Canal Winchester residents and the city have negotiated a short-term solution for trapping nuisance skunks.

Canal Winchester residents and the city have negotiated a short-term solution for trapping nuisance skunks.

During the Oct. 29 committee of the whole meeting, Public Works Director Matt Peoples presented city council with a negotiated Varmint Guard contract that calls for the city and residents to share the cost of trapping the animals, as long as 10 or more neighboring residents participate.

"We took the contract that (resident) Erin Burchwell got from Varmint Guard and I talked to them and they said they'll bill us separately from the property owners," Peoples said. "We got an agreement today to allow them to go in and set up traps, but we want a minimum of 10 properties, and then we'll pay half."

The rate is $200 per property, plus tax, for a minimum of five properties for 10 days, excluding weekends. Varmint Guard agreed not to charge extra based on the number of animals trapped.

No deadline has been set by which residents must express interest in participating in the program; city officials are hoping Burchwell will help organize it.

"Because Burchwell has been spearheading this in her neighborhood, we'll contact her and ask that she go to her neighbors and get them to sign up if there's still enough interest," Peoples said.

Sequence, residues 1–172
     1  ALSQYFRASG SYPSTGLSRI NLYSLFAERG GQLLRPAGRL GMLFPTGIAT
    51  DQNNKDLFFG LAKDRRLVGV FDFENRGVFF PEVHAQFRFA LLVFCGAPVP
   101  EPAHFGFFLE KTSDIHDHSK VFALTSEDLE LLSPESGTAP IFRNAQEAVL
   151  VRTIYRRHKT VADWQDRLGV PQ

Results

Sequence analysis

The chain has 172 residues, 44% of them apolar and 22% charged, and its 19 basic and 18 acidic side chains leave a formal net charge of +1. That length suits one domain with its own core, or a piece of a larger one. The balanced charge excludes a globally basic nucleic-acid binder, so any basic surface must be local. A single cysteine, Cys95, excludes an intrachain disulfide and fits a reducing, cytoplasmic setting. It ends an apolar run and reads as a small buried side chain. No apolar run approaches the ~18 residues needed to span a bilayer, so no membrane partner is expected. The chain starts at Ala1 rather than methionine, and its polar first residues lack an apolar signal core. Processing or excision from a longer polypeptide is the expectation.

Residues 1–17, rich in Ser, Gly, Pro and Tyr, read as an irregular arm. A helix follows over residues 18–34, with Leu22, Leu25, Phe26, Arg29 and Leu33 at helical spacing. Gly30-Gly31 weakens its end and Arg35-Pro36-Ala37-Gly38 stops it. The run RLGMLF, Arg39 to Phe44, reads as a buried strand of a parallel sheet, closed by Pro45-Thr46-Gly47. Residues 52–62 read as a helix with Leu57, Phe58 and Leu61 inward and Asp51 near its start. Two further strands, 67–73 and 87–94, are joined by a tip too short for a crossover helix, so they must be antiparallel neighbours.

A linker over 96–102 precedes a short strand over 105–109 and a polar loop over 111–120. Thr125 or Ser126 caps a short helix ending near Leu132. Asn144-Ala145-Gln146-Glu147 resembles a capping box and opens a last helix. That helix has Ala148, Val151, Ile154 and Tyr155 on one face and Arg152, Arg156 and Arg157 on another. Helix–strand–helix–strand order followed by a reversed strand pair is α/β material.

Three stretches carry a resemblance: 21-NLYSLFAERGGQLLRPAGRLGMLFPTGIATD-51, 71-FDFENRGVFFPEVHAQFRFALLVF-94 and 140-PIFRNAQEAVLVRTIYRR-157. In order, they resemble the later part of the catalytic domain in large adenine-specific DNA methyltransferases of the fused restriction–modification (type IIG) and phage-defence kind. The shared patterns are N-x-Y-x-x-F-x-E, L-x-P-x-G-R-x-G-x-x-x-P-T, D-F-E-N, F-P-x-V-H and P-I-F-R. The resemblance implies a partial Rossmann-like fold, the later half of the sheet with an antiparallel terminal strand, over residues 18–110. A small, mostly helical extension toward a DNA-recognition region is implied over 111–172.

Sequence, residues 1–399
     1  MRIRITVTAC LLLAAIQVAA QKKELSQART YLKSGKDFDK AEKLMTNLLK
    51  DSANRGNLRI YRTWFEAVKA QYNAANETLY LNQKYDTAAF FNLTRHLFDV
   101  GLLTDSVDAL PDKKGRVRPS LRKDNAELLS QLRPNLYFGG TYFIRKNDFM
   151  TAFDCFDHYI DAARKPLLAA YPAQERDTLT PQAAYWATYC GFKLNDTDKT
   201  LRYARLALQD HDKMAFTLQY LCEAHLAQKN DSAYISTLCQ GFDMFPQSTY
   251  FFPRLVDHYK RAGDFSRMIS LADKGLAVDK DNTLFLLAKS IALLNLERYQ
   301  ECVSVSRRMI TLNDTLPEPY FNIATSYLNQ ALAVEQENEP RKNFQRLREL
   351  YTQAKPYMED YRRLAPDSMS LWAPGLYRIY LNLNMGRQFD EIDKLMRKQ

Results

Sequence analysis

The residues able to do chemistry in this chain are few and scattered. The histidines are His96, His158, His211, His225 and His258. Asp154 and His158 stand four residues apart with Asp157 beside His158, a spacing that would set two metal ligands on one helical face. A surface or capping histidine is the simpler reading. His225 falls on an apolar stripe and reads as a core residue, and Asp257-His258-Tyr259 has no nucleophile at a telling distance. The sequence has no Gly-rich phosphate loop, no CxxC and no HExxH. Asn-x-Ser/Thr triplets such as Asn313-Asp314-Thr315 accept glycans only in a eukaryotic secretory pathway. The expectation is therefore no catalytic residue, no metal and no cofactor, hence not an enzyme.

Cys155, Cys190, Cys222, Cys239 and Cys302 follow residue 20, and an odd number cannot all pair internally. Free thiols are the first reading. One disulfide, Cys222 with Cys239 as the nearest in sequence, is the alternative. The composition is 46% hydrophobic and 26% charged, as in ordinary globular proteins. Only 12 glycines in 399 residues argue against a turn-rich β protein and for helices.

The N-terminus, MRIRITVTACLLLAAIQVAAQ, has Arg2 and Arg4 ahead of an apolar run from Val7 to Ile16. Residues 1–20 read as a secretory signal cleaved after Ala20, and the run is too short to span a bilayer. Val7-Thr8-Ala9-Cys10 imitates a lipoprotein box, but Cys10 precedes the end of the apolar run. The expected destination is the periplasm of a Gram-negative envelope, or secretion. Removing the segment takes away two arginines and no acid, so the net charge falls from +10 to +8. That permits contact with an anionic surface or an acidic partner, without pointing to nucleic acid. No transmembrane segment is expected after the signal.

Councilman Rick Deeds said he was concerned that this agreement would open the doors to many other similar claims.

"What happens when we get 100 residents asking for this? What's the cutoff?" Deeds asked.

Councilwoman Marilyn Rush-Ekelberry said she wants to make sure anyone interested in signing up for the service has a copy of the contract and understands that it doesn't guarantee a solution.

"Will each homeowner be provided with a copy of the contract?" she asked. "Because it says they won't guarantee the capture of a species, but you're going to pay, whether they catch something or not."

Due to the change in the weather, Peoples said he hopes to get moving on this "stopgap" effort soon, or the city may have to wait to take action until next spring, with a more permanent solution at that point.

"We need to get this out this week or next or we're not going to have the interaction (with the skunks) that we've had and it may not pay to do it," he said. "It may be better to do it at another, more active, time."

According to Councilman John Bender, this is the first time in his 17 years on council that people have complained about skunks.

"I don't think this is going to happen again, so let's get a good plan together in case it does. But I don't think we're going to have to worry about it," Bender said.

Peoples said the Varmint Guard agreement is only meant to be a short-term solution. He said the city staff is continuing to research possible long-term agreements that he hopes could be in place by spring.

"Again, this is meant as a stopgap while we're working through a permanent program, but then we'll have to decide to do that," Peoples said.

If 10 or more residents do choose to participate in this Varmint Guard agreement, council still will be required to vote to allocate funds through a "moral claim" process, Law Director Gene Hollins said.